For bypass, you are using just a single pre, so it is just standard.
     
  9. Ross Xod

    Ross Xod

    Oct 16, 2014
    Portland, OR
    Ok, so I like having 2 volume pots over a blend. So lets remove the blend from this equation. Which will be easier to wire? A push pull or a switch? I prefer switch for use, but don't mind a push pull wired with passive pulled out. If its not too much work, is it possible to draw up a schematic of this to visually see both options? Thanks!
     
  10. Doner Designs

    Doner Designs Steve Doner Gold Supporting Member

    Jun 2, 2012
    Metro Chicago Area
    Doner Designs is an alias for Steve Doner
    I once ordered a Siamese twin preamp from Audere as a custom. It used all stacked pots and each stack had one control for each pickup VV, MidMid, TT, BB.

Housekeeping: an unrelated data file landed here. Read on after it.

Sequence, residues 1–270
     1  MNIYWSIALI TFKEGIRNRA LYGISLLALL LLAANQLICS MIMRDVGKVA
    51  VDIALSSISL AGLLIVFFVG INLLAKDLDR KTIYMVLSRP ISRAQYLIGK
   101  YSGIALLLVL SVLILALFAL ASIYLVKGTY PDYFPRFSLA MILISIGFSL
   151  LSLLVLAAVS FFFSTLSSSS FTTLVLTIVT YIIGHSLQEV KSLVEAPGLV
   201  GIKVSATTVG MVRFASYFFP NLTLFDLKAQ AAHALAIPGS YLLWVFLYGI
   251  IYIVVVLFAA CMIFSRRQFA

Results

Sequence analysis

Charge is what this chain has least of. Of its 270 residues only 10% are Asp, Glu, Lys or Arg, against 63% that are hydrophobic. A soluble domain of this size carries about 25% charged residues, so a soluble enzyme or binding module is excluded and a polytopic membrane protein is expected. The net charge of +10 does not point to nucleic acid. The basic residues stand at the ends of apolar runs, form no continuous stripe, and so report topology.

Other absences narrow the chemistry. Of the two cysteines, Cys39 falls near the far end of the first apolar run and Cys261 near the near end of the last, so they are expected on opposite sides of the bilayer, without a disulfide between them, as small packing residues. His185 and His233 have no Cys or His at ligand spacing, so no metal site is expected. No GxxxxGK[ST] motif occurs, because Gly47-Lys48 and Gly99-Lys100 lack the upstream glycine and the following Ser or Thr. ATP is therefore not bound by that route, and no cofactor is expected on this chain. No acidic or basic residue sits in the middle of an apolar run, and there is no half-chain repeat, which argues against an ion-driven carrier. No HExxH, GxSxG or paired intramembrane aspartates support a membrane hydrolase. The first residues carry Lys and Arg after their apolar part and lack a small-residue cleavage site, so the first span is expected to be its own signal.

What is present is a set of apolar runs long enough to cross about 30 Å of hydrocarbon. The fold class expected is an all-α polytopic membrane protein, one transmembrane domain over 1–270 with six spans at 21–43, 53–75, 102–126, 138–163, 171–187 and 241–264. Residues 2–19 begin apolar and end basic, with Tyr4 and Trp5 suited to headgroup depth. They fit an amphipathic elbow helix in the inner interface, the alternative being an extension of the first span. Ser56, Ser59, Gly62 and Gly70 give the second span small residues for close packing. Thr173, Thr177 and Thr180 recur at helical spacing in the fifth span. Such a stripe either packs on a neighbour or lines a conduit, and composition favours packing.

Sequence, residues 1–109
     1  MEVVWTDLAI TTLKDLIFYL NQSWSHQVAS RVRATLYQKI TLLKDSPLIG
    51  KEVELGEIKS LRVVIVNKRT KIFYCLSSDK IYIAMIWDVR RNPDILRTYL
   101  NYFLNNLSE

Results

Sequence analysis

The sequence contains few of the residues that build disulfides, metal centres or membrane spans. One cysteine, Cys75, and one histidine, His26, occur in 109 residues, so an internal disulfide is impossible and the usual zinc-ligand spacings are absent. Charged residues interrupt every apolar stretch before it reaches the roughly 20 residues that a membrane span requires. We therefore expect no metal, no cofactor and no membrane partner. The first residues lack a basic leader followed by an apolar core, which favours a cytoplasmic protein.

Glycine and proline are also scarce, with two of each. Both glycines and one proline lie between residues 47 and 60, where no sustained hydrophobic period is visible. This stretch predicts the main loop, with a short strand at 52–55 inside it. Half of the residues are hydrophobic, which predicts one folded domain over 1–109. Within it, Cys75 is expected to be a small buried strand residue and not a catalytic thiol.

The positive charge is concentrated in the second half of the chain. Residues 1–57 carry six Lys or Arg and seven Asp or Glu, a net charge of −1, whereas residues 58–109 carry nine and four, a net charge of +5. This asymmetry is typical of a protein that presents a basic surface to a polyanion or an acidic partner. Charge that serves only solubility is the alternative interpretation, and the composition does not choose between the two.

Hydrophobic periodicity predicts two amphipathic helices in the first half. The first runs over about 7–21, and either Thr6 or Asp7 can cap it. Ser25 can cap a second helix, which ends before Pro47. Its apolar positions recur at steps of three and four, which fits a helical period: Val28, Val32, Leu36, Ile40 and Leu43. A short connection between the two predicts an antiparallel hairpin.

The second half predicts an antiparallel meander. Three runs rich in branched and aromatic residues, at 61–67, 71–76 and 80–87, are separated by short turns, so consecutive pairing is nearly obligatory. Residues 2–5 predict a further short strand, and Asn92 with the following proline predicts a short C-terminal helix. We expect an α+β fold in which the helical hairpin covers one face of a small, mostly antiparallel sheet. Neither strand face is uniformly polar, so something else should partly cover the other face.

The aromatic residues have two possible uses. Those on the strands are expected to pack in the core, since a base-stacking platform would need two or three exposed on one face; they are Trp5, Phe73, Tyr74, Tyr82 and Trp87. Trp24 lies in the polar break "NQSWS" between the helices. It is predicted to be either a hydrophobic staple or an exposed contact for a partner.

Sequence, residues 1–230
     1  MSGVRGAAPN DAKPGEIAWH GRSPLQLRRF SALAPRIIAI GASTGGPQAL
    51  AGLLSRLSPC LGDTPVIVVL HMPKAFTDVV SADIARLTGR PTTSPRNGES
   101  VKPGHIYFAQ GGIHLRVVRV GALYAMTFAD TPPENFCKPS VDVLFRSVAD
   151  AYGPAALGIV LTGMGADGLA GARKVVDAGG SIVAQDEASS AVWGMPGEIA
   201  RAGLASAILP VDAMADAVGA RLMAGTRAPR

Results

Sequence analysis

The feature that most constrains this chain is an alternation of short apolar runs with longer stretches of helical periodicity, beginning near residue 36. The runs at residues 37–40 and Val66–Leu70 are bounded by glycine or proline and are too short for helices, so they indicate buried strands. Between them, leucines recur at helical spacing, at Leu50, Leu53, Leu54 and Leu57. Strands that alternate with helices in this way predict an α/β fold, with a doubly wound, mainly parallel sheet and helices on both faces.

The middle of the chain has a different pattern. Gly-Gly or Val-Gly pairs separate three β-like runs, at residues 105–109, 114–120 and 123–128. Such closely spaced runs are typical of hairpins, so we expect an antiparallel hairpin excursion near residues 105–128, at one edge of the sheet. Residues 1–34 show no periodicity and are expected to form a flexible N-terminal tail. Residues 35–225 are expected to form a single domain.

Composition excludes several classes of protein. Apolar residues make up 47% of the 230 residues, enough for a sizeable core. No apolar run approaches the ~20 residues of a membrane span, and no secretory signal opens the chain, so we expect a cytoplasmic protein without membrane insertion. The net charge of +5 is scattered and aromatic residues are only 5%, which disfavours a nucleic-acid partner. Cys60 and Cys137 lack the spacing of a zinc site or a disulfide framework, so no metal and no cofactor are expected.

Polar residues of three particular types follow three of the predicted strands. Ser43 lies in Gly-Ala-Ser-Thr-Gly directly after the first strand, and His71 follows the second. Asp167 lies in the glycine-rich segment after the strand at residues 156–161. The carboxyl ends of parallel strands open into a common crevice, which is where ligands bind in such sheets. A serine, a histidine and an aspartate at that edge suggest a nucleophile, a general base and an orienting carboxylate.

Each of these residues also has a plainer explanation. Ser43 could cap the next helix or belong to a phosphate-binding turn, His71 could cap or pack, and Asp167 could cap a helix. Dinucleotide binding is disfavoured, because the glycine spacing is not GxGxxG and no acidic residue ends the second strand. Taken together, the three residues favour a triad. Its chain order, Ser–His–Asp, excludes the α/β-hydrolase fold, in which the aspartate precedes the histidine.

Normally I don't think that level of complexity is necessary, but it was ideal for the piezo/magnetic bass I used it on.
     
  11. Clark Dark

    Clark Dark

    Mar 3, 2005
    earth
    I bought this:
    ACG EQ-01-4K Preamp, 2-Pickup, 4-Knob without knobs - Best Bass Gear
     
  12. Well sure. But do you want two whole preamps? or one preamp and two passive tones?
     
  13. Primary

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    Here are some related products that TB members are talking about. Clicking on a product will take you to TB’s partner, Primary, where you can find links to TB discussions about these products.